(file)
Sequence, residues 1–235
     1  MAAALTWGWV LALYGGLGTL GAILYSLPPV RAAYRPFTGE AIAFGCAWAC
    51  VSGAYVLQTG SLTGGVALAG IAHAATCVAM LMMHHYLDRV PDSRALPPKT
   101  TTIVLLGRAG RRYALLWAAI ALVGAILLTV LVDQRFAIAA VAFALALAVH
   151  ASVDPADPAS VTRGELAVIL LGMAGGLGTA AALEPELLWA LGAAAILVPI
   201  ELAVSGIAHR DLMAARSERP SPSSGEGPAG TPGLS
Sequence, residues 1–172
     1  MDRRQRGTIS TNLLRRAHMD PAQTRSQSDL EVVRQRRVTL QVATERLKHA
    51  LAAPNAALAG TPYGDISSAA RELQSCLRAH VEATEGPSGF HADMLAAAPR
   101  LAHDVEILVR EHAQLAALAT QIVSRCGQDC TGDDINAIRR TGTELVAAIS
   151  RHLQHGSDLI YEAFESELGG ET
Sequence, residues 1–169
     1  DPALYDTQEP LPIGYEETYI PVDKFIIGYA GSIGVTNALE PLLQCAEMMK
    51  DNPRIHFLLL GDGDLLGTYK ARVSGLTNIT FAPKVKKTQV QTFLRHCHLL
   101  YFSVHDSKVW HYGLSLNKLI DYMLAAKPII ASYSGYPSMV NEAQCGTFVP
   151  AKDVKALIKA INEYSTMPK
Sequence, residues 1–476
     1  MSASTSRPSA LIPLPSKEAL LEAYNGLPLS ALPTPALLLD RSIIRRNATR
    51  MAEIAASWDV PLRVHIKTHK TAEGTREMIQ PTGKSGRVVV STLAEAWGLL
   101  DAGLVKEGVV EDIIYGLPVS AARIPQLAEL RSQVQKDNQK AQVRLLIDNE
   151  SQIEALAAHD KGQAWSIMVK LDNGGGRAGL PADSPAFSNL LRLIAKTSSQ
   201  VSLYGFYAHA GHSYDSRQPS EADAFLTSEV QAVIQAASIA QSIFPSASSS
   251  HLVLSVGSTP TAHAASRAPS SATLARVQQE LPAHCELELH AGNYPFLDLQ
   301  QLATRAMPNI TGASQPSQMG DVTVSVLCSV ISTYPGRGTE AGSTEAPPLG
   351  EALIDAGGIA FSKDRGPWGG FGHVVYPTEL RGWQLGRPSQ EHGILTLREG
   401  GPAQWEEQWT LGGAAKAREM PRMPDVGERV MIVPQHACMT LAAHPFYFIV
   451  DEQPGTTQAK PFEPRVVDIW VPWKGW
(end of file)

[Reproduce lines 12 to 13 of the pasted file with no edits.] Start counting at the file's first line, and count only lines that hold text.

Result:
Sequence, residues 1–169
     1  DPALYDTQEP LPIGYEETYI PVDKFIIGYA GSIGVTNALE PLLQCAEMMK